Wednesday, March 10, 2010

Innovative Technologies – Calera:

Energy, Environment, Food and Healthcare are slowly becoming the defining challenges of our generation. Our present population is 6.8 bn and it was half this size when my dad went to college, now I am in college!!! UN projects 9 bn population in 20 years with more than 60 % of them in urban areas. All this will push our basic resources - energy, food, shelter, and healthcare. With status quo energy and food prices will reach disproportionate heights and will have a significant impact in our society and environment. But with technology and free market, may be it can be solved.

So this is the first in a multi-part blog on technologies and companies which can radically change our world. The first one is on Calera.


Calera is a company which wants to convert all the carbon dioxide emitted by thermal (coal- or gas-fired) power plants into cement or bricks. Further more they also want to convert atmospheric carbon dioxide into cement. Too good to be true, isn’t it?

The technology in principle is very simple. It is just chemistry, specifically Catalysis. CaCO and MgCO3 (Calcium and Magesium Carbonate) is the biggest ingredient in the manufacture cement. So what Calera proposes to do is that, it plans to combine CO2 with seawater or any kind of hard (salt) water and produce lime stone in the presence of a catalyst (the catalyst is ofcourse a secret!). The salt water provides calcium and magnesium ions and this water get sprayed in carbon dioxide to naturally get converted into calcium and magnesium carbonate. This could be then used in a variety of ways. Either spray-dry into cement or use it as precursor material along with concrete aggregates for building walls or roads.

A pilot plant is up and running in Santa Cruz, California. The technology is in the developmental stage but the science behind it is very promising. It can potentially convert all (less profitable) thermal power plants into (highly profitable) cement factories and in the process also eliminate carbon emission.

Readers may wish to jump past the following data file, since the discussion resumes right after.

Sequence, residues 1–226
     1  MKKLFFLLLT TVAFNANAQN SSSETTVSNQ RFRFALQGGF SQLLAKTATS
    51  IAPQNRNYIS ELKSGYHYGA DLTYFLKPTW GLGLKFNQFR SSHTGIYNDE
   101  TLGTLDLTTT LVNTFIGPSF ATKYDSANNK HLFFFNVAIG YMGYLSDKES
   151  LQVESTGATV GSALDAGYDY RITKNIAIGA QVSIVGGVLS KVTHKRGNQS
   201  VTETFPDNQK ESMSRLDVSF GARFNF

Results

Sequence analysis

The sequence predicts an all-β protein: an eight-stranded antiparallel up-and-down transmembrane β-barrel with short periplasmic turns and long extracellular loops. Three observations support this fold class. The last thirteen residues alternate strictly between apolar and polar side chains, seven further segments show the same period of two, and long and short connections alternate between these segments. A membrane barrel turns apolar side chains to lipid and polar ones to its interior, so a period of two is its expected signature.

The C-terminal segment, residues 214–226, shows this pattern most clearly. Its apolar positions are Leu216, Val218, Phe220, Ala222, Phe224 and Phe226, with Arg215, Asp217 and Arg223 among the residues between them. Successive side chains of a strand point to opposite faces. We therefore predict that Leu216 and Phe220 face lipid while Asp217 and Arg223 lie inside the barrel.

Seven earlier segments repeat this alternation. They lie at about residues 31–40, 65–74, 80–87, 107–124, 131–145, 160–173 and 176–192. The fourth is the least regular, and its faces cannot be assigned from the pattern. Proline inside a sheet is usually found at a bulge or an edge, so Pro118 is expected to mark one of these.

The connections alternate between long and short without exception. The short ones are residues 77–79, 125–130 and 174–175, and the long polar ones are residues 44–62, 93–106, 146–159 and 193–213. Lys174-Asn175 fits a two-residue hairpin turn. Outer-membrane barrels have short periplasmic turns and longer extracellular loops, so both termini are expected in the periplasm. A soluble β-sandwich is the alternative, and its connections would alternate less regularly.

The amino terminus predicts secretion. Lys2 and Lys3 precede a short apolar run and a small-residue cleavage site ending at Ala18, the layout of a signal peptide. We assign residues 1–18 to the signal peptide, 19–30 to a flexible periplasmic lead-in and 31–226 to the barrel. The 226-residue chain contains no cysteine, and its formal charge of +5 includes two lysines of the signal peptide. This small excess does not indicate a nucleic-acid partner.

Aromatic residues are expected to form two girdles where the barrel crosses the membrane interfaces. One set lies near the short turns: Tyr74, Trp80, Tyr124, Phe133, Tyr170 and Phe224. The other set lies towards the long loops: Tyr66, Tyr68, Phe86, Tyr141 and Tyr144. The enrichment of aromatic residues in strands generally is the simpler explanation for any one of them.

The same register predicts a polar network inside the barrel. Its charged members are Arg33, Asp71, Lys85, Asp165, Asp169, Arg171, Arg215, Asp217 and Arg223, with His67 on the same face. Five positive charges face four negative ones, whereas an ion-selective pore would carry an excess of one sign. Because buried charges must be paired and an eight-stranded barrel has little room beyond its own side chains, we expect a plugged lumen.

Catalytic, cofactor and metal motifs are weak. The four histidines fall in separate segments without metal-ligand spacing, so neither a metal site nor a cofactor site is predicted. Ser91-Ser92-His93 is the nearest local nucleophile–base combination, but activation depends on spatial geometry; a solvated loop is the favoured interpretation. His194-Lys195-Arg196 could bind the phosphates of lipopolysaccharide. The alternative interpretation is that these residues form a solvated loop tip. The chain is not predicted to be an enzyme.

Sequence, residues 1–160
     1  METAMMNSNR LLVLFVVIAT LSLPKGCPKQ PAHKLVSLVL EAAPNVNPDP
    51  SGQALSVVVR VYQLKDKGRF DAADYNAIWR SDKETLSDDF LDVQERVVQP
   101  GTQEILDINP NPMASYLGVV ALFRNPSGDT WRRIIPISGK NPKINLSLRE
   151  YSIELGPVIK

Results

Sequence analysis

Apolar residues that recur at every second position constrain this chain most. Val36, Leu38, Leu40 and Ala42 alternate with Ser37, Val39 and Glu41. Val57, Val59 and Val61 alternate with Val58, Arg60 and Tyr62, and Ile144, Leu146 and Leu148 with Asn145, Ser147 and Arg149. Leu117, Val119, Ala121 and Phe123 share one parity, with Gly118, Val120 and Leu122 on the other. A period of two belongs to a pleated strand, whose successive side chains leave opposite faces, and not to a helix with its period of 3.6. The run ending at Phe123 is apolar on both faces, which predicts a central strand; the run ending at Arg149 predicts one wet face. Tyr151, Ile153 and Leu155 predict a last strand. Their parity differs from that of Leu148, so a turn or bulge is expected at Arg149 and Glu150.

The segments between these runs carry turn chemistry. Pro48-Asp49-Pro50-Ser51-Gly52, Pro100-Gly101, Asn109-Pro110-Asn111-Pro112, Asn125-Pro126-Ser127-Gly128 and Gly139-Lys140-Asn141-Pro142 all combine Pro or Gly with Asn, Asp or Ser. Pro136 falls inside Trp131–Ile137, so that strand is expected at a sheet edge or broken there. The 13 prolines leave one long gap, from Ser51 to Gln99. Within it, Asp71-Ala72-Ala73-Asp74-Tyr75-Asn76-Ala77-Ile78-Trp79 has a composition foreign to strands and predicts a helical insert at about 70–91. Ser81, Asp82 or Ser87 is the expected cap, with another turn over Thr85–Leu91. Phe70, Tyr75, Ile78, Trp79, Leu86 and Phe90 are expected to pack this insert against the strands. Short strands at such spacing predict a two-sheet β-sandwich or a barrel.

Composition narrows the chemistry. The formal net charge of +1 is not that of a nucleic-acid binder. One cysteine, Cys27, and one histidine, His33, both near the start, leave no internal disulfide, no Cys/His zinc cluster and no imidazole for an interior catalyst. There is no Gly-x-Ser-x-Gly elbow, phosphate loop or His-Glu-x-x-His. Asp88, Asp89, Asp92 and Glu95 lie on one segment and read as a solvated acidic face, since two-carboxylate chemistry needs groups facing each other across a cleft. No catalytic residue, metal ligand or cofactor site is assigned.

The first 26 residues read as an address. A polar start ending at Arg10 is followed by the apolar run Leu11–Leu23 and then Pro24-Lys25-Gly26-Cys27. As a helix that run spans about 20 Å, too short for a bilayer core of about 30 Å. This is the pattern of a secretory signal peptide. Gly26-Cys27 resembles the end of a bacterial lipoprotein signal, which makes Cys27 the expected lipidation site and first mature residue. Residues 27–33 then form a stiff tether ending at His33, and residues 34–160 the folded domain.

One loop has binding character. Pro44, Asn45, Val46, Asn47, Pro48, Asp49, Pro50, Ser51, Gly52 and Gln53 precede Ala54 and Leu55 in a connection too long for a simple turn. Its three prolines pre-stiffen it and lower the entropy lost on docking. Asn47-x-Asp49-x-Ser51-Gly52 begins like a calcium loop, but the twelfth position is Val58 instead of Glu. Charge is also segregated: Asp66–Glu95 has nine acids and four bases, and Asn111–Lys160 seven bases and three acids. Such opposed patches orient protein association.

P.S - Carbon Sequestration or the idea of storing carbon dioxide is not new but to make it as cement or brick and use it as a product is very innovative. Most of the proposed carbon sequestration technologies involve liquefying carbon dioxide and store it in depleted oil / natural gas wells.

Further Reading:

Saturday, March 6, 2010

College days

Hi Guys,

Thought everyone should read this. I realised this only late in Amrita and more so after coming here. I still have couple of years of college left, so trying to make full use of it. (via karthik)


...are we stuck in High School?

I had two brushes with higher education this week.

The first was at a speech I gave in New York. There were several Harvard Business School students there, invited because of their interest in marketing and exceptional promise (that's what I was told... I think they came because they had heard that Maury Rubin would make a great lunch!).

Anyway, they asked for my advice in finding marketing jobs. When I shared my views (go to a small company, work for the CEO, get a job where you actually get to make mistakes and do something) one woman professed to agree with me, but then explained, "But those companies don't interview on campus."

Those companies don't interview on campus. Hmmm. She has just spent $100,000 in cash and another $150,000 in opportunity cost to get an MBA, but...

The second occurred today at Yale. As I drove through the amazingly beautiful campus, I passed the center for Asian Studies. It reminded me of my days as an undergrad (at a lesser school, natch), browsing through the catalog, realizing I could learn whatever I wanted. That not only could I take classes but I could start a business, organize a protest movement, live in a garret off campus, whatever. It was a tremendous gift, this ability to choose.

Yet most of my classmates refused to choose. Instead, they treated college like an extension of high school. They took the most mainstream courses, did the minimum amount they needed to get an A, tried not to get into "trouble" with the professor or face the uncertainty of the unknowable. They were the ones who spent six hours a day in the library, reading their textbooks.

The best part of college is that you could become whatever you wanted to become, but most people just do what they think they must.

Is this a metaphor? Sure. But it's a worthwhile one. You have more freedom at work than you think (hey, you're reading this on company time!) but most people do nothing with that freedom but try to get an A.

Do you work with people who are still in high school? Job seekers only willing to interview with the folks who come on campus? Executives who are trying to make their boss happy above all else? It's pretty clear that the thing that's wrong with this system is high school, not the rest of the world.

Cut class. Take a seminar on french literature. Interview off campus. Safe is risky.